The human genomic DNA sequence of the intronic region near the noncoding exon 1c ∼1.5 kb upstream of the translation start site was downloaded from the National Center for Biotechnology Information database ( The reference sequence used was NC_018923.2. Transcription factor binding sites were predicted by PROMO (version 3.0.2), which is a virtual laboratory for the identification of putative transcription factor binding sites. PROMO uses the 8.3 version of TRANSFAC (34,35). The dissimilarity threshold was set at 5%.

All supplementary materials are available online at .


BE Epithelium Has a High Expression of VDR Compared with Squamous Epithelium

We investigated VDR expression in normal squamous epithelium compared with BE tissue in individual BE patients. In the majority of patients (20 of 25, 80%), presence of BE correlated with a two-fold increase in VDR mRNA expression (Figure 1A; p = 0.002). This result was associated with higher levels of VDR protein in the BE segment, especially in the epithelial compartment, as evident from immunohistochemical staining of squamous and BE biopsies from the same patient (Figure 1B). As shown in Figure 1C, in most BE tissue, the VDR protein had a nuclear localization, suggesting activation of the receptor. Thus, VDR mRNA expression is upregulated and VDR protein is activated in BE compared with squamous epithelium.
Figure 1

Esophageal expression of VDR in BE patients. (A) Relative mRNA levels of VDR in paired squamous and columnar epithelium samples of BE patients. In 20 of 25 patients, VDR mRNA was highest in columnar epithelium samples. Immunohistochemical staining of VDR in squamous (B) and paired columnar epithelium (C) clearly shows a number of VDR-positive nuclei in BE and its mere presence in the cytoplasm of epithelial cells. Arrows indicate some positively stained nuclei.

The rs1989969 T/rs2238135 G Haplotype Is Associated with Reduced Risk for Neoplasm-Associated Esophageal Disease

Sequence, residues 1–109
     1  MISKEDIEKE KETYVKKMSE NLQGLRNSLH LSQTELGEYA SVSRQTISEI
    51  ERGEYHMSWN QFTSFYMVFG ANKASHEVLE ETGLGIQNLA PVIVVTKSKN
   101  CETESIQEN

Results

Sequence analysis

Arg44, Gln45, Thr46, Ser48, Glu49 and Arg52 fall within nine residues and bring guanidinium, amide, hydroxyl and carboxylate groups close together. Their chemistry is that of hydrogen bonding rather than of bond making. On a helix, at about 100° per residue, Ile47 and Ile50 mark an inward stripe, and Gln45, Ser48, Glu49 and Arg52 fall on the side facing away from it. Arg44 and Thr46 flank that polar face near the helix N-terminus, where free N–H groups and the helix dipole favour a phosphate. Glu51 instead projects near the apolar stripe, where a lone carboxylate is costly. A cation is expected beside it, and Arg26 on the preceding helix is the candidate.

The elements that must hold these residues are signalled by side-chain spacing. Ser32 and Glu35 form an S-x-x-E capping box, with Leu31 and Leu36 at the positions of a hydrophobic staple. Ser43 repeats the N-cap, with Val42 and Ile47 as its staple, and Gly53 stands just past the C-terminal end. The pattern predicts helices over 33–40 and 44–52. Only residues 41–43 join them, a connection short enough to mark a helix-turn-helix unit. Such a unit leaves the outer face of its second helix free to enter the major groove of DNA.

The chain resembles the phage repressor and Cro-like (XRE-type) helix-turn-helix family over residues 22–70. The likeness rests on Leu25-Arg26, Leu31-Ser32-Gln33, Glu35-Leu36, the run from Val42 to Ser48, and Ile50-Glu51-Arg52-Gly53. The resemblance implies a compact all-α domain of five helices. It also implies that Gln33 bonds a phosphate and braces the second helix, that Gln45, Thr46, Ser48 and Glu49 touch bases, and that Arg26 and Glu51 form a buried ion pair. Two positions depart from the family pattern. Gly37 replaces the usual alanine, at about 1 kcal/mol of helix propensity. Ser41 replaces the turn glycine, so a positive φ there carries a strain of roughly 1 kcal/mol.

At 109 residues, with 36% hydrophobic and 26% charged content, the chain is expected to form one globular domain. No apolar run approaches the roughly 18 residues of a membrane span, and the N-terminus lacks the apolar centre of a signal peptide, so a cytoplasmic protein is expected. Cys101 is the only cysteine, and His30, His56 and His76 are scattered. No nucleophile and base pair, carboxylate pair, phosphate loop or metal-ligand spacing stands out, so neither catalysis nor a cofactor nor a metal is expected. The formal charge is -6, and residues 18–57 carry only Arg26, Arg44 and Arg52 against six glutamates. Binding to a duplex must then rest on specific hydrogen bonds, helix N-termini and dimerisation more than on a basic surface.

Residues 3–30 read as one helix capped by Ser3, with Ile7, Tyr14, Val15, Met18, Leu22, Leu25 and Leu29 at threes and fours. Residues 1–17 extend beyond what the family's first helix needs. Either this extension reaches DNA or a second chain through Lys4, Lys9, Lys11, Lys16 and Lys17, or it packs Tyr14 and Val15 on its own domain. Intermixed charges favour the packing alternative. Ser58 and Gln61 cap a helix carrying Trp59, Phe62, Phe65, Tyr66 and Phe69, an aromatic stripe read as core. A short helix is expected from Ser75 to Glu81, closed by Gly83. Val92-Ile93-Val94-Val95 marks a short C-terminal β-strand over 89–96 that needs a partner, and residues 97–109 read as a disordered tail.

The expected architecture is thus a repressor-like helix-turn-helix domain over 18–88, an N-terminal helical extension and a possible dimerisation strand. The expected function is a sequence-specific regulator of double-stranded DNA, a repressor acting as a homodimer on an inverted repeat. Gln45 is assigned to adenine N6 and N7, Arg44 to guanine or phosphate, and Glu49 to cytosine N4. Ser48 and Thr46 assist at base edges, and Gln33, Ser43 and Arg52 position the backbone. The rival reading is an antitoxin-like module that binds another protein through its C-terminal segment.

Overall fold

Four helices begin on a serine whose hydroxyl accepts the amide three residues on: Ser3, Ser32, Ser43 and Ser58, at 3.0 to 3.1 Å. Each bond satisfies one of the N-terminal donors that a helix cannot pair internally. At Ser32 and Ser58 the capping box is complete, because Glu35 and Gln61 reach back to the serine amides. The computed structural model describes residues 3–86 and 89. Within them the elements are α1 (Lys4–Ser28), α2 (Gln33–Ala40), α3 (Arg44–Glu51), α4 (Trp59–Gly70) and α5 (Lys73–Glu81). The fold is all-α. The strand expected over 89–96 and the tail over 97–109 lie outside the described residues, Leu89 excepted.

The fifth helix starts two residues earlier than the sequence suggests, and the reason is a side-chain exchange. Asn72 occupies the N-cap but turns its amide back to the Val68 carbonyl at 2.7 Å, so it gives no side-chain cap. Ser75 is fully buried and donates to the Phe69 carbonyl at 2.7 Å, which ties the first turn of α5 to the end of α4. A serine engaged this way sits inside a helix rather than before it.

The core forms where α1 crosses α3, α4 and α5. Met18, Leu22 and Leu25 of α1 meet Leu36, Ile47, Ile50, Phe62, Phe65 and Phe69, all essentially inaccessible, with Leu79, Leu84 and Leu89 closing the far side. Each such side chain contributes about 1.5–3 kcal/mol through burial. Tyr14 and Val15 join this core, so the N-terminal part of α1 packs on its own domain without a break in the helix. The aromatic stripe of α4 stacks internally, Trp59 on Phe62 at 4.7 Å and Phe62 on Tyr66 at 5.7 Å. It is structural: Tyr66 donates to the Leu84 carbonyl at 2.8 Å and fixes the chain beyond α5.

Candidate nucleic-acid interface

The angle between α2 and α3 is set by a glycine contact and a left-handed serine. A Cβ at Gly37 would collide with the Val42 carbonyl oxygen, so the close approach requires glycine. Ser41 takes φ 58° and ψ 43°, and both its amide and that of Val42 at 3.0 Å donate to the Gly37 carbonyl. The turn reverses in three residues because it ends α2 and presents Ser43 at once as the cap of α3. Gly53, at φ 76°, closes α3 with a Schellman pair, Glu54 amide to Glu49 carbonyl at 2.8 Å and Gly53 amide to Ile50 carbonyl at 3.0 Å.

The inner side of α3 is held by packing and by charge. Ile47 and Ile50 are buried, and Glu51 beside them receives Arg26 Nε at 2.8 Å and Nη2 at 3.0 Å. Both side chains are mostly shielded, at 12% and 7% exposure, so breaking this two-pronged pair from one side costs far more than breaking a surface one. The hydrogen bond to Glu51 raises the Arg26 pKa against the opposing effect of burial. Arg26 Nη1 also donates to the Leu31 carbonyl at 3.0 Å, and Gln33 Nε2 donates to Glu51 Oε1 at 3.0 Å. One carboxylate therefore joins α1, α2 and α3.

Genomic DNA was obtained from a group of 708 patients with RE, BE or EAC and compared with a group of 202 healthy controls without any symptoms of esophageal disease. Patient characteristics are given in Table 1. As shown in Table 2, rs1989969 and rs2238135, the two htSNPs in the exon 1c region, were found to be differently distributed in healthy controls versus patients with RE, BE and EAC in this study. Thirteen other VDR htSNPs were found to not be significantly associated with the presence of esophageal disease (data not shown). As shown in Table 3, allele dose analysis revealed that individuals carrying the rs1989969 T/rs2238135 G haplotype were two-fold less susceptible to RE (OR 0.48, 95% CI 0.28–0.81), BE (OR 0.46, 95% CI 0.26–0.80) and EAC (OR 0.50, 95% CI 0.27–0.96). A BE replication cohort closely mimicked the observations for the rs1989969 T/rs2238135 G haplotype (OR 0.44, 95% CI 0.23–0.85).
Table 2

Genotype distribution of VDR SNPs rs2238135 and rs1989969 in healthy controls and patients.


Genotype, N (frequency)





Repl BE




(N = 202)

(N = 307)a

(N = 260)a

(N = 150)a

(N = 141)




127 (0.648)

159 (0.530)

157 (0.625)

72 (0.507)

76 (0.551)



58 (0.296)

121 (0.403)

81 (0.323)

65 (0.458)

54 (0.391)



11 (0.056)

20 (0.067)

13 (0.052)

5 (0.035)

8 (0.058)











53 (0.273)

107 (0.357)

85 (0.343)

49 (0.340)

49 (0.360)



94 (0.485)

147 (0.490)

128 (0.516)

76 (0.528)

65 (0.478)



47 (0.242)

46 (0.153)

35 (0.141)

19 (0.132)

22 (0.162)








HC, healthy controls; Repl BE, BE replication cohort.

aValues in italic are significant at 95% Cl.

Table 3

Haplotype-risk analysis of RE, BE and EAC compared with controls.a


OR (95% CI)b


Total alleles (N)